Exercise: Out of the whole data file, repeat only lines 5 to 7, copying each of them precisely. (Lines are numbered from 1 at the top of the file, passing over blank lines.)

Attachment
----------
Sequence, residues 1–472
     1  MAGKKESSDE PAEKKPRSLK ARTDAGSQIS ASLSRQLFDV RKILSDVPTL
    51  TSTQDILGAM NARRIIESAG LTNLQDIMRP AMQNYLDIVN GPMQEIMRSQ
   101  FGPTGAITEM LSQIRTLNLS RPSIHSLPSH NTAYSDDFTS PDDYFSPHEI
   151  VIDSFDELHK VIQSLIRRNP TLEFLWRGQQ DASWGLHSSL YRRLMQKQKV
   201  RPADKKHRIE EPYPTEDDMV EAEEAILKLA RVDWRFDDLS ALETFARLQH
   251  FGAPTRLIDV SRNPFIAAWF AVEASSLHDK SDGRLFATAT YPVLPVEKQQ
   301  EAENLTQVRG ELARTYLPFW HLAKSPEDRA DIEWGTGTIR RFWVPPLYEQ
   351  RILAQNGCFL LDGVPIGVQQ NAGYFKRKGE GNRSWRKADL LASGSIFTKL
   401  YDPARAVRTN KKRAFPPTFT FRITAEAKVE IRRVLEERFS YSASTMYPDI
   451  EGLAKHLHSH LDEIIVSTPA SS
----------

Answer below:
   151  VIDSFDELHK VIQSLIRRNP TLEFLWRGQQ DASWGLHSSL YRRLMQKQKV
   201  RPADKKHRIE EPYPTEDDMV EAEEAILKLA RVDWRFDDLS ALETFARLQH
   251  FGAPTRLIDV SRNPFIAAWF AVEASSLHDK SDGRLFATAT YPVLPVEKQQ